Although human milk provides the healthiest start for infants (American Academy of Pediatrics, 2012), group care is not always conducive to breastfeeding as working mothers often struggle to produce enough breastmilk to cover the hours that infants are in care. Supporting breastfeeding mothers is important for the health of infants and for promoting a family-friendly and family-centered practice as well. You can read more about the benefits of breastfeeding for infants and mothers here: https://www.aap.org/en-us/advocacy-and-policy/aap-health-initiatives/Breastfeeding/Pages/Benefits-of-Breastfeeding.aspx
Supporting breastfeeding benefits for your program in that it:
- Supports infant-parent attachment
- Assists maternal transition back to work
- Provides natural immunities helpful with group care
The length of time during which mothers breastfeed varies as it is a personal decision. Breastfeeding timelines may be driven by family expectations, cultural norms, or biological factors. Staff working with a breastfeeding family must be aware of any biases they may feel about breastfeeding. The decision whether to stop and when to stop is up to the family, so it's important for your staff to remain supportive and nonjudgmental regardless of a family's breastfeeding choices.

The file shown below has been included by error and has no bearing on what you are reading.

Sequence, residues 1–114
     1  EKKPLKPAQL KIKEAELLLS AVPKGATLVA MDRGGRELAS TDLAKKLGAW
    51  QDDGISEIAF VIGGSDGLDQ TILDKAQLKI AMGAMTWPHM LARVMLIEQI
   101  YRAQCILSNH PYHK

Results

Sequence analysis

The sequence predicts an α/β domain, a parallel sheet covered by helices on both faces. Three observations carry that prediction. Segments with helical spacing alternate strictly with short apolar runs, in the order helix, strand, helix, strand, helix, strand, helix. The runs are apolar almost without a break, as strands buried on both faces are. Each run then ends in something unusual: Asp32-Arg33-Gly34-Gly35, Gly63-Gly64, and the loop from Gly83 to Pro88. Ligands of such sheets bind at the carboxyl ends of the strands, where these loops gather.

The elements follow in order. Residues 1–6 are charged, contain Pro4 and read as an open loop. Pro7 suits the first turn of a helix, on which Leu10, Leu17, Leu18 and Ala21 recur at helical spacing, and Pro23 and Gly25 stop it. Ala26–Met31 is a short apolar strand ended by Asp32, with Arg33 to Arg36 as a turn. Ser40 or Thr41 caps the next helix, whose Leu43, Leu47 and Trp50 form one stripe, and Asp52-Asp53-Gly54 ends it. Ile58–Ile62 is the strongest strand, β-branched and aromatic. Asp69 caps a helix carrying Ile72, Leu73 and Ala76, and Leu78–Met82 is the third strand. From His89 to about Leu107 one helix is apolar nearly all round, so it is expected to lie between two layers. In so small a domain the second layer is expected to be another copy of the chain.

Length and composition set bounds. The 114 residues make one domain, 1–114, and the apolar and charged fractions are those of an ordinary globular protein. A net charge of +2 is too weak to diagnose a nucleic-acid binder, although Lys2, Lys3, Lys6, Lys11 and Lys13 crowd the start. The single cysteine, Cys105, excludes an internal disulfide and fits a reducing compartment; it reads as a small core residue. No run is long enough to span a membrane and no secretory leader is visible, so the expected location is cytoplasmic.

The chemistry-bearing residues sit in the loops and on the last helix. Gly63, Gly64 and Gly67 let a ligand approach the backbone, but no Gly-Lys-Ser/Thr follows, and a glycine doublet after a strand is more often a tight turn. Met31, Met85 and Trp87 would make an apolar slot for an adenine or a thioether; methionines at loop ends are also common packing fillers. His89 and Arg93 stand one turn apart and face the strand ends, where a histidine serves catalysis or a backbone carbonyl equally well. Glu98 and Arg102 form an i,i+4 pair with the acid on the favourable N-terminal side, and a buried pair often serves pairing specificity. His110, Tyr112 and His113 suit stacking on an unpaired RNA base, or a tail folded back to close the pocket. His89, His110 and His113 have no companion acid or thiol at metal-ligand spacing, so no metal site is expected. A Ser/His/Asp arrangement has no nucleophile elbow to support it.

This is also true for families who choose not to breastfeed. Their choice not to breastfeed should be honored and supported. Some mothers are nervous or uncertain about breastfeeding and may feel that they are doing a poor job as a mother if they are not able to successfully breastfeed. It is important for your staff to remain positive and supportive toward mothers, families, and their decisions about breastfeeding.
Handling of Breastmilk and Formula
It is essential that staff are trained on the safe handling and storage of breast milk and formula. Staff must use a tracking system to ensure that breast milk or formula is not given after the expiration date or is given to the wrong child.
You can support families who choose to breastfeed by making the process of labeling and storing human milk as easy for them as possible; e.g., providing pre-printed labels where they only need to write the date expressed. You can read more about how to properly handle and store human milk by visiting: http://www.cdc.gov/breastfeeding/recommendations/handling_breastmilk.htm. As a manager, you need to develop a system that supports families and fulfills all the guidelines for safe handling and storage of human milk and formula.